This week’s guest post is from online writer Monta. She has a helpful list of tips and tricks to keep up your motivation level when you’re writing.
Tricks to Keep Writing
You know, being a writer sometimes isn’t all it is cracked up to be. I mean, most people think it is a really creative field where ideas just flow out of you like streams of water from a natural spring. However, just like that spring, sometimes our reservoir runs dry. It is hard to be constantly creative and inspired, especially if you write for a job or even every day. You can’t hope to keep up a fast and furious pace nonstop, so what do you do? How do you keep writing? How do you stay inspired and passionate? Well, hopefully I can help you out a bit. These are some tricks that have worked for me. Not all at once and I am not promising any miracles, but try them out and see what works for you.
- Start small – Sometimes when you are burnt out it is hard to know where to start. Well, one place that is always good is to start small. Start with one line or just throw around title ideas. Do some character building. Just write dialogue and fill in the details later.
- Just write – Even if you can’t think of a single thing to write, you can still write. Do free writing. Just throw up whatever is in your brain onto the paper without regards to whether or not it makes sense or flows. Just get those fingers moving. You would be surprised how often this works for me. The action of typing seems to trigger something inside and the words just start to flow. I guess it is sort of like priming the pump.
- Do the hardest first – If you are the kind of person that worries or dread and therefore puts off like I am, then suck it up and do the hardest thing first. A friend of mine puts it this way: “If you do the hardest thing first and it kills you, then you won’t have to do the rest. But if you get through it then the rest is easy.”
- Take a break –If you have been working all day and your fingers feel like raw meat and you can’t spell at all anymore, then by all means take a break. Get off the computer and away from your desk. Go to the bathroom. Have a snack. Chat on the phone. Whatever you do just don’t write or even think hard for a few minutes. If you want to, take a nap. You can lie down right there on the floor for fifteen minutes and perk your brain back up. Don’t tell my boss, but I do that almost every day after lunch.
- Don’t take a break –If you are in the flow but your bladder or your fingers are screaming for relief, ignore them! The flow doesn’t last forever so take advantage of it. When you are in the writing mode feel free to disregard everything else. Don’t eat, don’t sleep, don’t talk, don’t even look away from your screen. It only takes a moment of distraction to lose your mojo, so don’t give it any opportunity. You can do more in one day with flow than a week without it.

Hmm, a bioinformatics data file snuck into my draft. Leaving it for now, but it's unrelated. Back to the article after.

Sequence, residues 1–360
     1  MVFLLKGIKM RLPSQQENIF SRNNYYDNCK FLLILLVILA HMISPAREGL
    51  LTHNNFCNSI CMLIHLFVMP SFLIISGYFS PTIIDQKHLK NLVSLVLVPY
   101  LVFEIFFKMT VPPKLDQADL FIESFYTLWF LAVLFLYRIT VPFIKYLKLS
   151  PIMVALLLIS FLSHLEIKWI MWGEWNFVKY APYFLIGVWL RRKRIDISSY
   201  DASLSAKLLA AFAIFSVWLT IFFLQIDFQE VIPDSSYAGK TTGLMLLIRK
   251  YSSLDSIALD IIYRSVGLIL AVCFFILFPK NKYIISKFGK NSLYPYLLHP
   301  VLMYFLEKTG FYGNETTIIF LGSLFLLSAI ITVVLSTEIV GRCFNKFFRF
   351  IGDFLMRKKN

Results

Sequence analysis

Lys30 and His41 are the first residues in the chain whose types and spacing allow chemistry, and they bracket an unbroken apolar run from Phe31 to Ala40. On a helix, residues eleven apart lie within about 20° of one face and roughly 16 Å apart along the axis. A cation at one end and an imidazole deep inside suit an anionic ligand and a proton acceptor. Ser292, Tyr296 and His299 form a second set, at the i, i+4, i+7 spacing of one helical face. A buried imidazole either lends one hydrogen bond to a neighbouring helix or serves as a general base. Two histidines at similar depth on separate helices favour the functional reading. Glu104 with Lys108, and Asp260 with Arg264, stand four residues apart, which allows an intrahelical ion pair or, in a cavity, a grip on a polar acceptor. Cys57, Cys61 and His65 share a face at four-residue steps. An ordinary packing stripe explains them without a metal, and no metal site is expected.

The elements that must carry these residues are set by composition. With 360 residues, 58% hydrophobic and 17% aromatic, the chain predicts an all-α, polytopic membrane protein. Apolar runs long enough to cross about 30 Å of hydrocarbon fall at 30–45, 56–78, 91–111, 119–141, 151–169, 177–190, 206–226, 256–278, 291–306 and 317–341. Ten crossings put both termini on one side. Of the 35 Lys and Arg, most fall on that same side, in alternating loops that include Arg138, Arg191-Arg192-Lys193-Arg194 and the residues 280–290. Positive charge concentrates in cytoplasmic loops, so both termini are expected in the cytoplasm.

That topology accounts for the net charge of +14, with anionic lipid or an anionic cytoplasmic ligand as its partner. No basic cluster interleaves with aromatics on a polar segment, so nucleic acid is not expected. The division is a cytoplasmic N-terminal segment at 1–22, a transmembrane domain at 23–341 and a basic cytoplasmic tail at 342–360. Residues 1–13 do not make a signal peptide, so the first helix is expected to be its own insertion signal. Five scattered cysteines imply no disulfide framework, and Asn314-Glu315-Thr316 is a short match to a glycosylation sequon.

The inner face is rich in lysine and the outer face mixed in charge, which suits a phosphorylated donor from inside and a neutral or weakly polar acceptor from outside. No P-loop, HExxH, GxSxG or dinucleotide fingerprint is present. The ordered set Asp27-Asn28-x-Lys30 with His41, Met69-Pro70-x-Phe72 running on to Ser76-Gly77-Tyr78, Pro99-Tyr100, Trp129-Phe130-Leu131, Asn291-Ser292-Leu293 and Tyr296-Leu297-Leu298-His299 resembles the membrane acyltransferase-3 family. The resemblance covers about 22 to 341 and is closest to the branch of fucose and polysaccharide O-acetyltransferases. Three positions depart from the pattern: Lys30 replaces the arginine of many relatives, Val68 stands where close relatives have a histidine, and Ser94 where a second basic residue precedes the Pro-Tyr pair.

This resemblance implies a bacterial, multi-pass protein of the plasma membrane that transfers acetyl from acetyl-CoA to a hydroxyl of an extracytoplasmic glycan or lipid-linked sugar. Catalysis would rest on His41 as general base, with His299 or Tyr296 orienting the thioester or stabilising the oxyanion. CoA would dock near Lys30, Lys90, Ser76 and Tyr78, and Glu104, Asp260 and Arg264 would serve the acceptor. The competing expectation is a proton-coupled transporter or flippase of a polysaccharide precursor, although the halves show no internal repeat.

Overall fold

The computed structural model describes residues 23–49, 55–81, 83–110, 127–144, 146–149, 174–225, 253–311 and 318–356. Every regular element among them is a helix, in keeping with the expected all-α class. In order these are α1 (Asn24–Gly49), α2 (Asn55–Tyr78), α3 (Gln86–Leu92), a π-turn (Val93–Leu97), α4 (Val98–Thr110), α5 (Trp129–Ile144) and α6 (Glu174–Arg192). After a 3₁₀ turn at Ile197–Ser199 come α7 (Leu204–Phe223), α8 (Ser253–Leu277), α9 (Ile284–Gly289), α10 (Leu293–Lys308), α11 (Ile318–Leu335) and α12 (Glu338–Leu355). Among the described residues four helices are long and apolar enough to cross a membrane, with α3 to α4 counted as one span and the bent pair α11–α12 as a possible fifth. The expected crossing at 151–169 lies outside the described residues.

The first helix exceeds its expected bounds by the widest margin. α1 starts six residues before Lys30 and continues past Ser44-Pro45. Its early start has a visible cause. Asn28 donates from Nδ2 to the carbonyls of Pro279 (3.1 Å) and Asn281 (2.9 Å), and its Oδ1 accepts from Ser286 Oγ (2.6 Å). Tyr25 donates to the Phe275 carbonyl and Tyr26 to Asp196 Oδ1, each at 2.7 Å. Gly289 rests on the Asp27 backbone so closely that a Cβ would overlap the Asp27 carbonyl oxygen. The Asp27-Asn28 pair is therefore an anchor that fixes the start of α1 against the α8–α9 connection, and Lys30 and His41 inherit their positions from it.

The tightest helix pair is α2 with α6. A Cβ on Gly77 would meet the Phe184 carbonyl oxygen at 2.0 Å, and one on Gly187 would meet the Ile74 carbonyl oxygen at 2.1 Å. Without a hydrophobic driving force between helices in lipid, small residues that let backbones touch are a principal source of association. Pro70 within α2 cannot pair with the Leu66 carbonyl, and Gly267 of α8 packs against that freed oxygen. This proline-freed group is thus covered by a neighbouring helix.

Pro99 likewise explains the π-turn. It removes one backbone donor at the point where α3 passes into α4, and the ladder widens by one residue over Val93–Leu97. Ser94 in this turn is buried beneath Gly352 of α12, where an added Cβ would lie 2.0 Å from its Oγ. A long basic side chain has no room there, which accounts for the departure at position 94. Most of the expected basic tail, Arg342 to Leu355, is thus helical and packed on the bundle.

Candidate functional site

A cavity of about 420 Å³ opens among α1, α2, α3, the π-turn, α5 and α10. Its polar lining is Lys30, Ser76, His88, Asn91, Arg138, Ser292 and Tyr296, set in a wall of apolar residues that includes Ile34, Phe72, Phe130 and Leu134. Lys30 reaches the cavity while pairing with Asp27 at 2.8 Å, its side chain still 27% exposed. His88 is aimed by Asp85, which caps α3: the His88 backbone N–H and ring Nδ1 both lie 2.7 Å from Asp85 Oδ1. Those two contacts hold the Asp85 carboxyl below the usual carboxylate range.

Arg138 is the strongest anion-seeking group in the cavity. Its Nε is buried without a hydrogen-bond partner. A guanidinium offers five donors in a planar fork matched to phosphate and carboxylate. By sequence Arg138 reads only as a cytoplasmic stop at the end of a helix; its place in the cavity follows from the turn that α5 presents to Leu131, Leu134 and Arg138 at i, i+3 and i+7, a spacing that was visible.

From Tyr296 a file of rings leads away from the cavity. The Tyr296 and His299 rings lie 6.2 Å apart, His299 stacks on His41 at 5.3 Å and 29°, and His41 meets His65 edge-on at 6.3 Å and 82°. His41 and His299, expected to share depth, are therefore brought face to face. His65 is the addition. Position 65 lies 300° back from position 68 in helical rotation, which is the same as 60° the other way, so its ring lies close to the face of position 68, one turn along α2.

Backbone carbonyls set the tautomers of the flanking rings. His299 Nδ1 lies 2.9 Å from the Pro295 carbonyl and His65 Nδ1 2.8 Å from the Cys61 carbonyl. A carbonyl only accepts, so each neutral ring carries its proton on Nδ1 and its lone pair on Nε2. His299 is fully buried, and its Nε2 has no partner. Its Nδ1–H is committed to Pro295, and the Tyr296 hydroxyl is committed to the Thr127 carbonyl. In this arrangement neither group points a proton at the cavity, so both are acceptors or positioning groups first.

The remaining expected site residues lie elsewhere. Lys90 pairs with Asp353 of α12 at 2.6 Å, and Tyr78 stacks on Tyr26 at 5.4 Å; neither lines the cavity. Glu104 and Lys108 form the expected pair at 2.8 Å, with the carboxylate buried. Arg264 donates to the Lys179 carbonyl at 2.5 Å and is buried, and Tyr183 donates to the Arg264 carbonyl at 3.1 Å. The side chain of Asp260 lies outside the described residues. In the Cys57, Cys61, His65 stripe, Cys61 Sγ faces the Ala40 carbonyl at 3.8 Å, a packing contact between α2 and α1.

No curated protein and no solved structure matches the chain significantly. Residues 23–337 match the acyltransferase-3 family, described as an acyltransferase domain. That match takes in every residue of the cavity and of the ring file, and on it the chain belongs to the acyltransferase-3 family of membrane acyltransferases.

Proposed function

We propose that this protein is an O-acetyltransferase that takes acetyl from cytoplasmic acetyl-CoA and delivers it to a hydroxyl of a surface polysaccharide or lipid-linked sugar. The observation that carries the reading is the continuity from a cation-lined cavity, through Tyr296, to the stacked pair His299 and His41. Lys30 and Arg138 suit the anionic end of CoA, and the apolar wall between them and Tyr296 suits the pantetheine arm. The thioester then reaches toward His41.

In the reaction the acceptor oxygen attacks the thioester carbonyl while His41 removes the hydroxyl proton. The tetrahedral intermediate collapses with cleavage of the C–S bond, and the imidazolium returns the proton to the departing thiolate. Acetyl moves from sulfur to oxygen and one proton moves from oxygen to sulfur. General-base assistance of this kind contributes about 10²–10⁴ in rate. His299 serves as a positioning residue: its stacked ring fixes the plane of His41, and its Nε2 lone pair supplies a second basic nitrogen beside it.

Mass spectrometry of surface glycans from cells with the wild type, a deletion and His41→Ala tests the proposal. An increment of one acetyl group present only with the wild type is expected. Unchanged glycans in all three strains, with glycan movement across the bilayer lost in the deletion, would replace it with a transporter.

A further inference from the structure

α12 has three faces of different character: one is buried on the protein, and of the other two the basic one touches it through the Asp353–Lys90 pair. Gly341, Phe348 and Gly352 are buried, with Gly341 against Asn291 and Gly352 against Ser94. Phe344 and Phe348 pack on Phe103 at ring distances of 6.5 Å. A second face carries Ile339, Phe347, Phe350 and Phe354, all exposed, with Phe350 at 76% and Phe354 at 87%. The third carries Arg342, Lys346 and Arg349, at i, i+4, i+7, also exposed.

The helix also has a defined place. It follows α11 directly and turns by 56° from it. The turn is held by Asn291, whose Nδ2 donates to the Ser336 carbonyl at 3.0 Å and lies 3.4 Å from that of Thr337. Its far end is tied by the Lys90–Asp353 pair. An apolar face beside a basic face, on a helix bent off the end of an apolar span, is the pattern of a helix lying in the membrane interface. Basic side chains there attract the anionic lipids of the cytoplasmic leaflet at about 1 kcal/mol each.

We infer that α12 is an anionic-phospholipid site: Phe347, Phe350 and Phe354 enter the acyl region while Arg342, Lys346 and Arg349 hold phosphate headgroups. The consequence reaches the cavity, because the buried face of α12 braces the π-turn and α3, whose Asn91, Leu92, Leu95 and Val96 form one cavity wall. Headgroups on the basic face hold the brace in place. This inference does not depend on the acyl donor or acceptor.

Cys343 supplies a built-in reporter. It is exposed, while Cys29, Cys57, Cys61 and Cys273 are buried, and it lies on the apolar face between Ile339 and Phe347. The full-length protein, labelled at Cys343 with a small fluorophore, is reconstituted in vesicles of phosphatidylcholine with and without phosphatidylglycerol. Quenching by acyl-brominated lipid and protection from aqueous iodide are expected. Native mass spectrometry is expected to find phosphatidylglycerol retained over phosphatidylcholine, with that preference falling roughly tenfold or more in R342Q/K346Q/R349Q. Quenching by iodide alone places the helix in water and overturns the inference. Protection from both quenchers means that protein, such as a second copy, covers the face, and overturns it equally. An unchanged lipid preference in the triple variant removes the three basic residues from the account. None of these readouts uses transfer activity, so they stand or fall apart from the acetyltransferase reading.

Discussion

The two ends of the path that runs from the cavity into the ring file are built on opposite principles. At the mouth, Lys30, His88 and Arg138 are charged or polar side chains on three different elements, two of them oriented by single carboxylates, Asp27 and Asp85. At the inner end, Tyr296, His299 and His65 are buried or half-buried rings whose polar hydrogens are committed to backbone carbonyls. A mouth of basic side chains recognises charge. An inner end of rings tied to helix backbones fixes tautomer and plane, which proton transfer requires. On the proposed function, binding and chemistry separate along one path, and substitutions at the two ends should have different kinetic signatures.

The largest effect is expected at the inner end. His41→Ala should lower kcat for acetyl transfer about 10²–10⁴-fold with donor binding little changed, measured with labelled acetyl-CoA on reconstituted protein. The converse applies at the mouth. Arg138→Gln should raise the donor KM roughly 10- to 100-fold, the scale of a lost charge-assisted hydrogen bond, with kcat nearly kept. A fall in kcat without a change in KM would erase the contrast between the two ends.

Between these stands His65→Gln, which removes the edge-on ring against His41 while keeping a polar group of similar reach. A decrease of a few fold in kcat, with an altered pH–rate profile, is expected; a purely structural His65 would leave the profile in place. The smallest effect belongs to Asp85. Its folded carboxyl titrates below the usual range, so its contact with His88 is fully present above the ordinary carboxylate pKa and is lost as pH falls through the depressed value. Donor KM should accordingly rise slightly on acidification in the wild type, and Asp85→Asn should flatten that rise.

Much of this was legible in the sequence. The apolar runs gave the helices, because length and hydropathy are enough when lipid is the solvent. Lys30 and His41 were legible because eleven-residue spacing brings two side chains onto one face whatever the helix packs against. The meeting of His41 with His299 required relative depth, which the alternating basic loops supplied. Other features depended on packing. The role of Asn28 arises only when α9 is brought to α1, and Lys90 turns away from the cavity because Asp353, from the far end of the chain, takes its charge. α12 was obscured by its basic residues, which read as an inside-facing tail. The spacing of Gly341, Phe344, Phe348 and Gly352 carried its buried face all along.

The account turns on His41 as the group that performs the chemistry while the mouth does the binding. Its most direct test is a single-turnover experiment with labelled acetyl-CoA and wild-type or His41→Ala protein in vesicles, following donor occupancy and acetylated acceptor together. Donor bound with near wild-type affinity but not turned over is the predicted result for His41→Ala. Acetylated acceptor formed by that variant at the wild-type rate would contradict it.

- Get inspired –If you are out of ideas then take a look around. Get inspired. Frankly, Pinterest inspires me. I love images. They open doors to other worlds. It is true what they say; one image is worth a thousand words. You can spend all day reading articles and surfing the net or you can spend an hour glancing through Pinterest. What is the best use of your time? Of course, you have to pick your own creative poison, but that one is mine.
- Move around- Sometimes it isn’t enough just to take a break from the computer. Sometimes you need to get the blood pumping and your heart rate up. Go for a jog, take a few trips up and down the stairs, do some pushups or sit ups, whatever it takes to get the blood back to your brain and your thoughts moving.
- Start with ideas –I find it easier to write when I sit down in the morning and line up my ideas for the day. It might be just titles. It might be plots. It might be character movements. Whatever it is, I write it down so that I don’t have to keep it in my mind. If you have to write and remember you are doomed. However if you get halfway through your day and are feeling burnt out but you have your notes from when you were fresh it makes everything so much easier.
- Make an outline –In the same line of thinking, make an outline of what you want to write. It can be plot related or just ideas you would like to include. It can be character names or quiets you want to use. It can be short or long, single words or paragraphs of information. What you write in your outline is up to you, but anything will help trigger your memory later and get your writing again.
- Don’t edit –When I’m tired my spelling and grammar suck. It is like my hands spaz out on the keys and everything turns into gobbledygook. If I stopped writing for every misspelled word I would still be on the first sentence of this article. Sometimes you have to ignore the errors and just keep moving. When you are done writing, then you can go back and fix everything you screwed up. Until then, just keep going. It is like a race, you may stumble but you didn’t fall so you have to hope you can still win.
Writing is a difficult but rewarding occupation. I find myself thankful every day that I can write and make a living doing it. Yet there are some days I wish I had a physical job instead; something which strained my body instead of my mind. On days like that it is important to keep going anyway. You may not be inspired, but you can keep working. Eventually your brain will kick back into gear and your writing will come to life just like it always does. Good luck and happy writing!
About the author:
Monta, the mother of three children, serves as an Expert Advisor on multiple household help issues to many Organizations and groups, and is a mentor for other “Mom-preneurs” seeking guidance. She is a regular contributor of “http://www.gonannies.com/. You can get in touch with her at montafleming6Atgmail dotcom.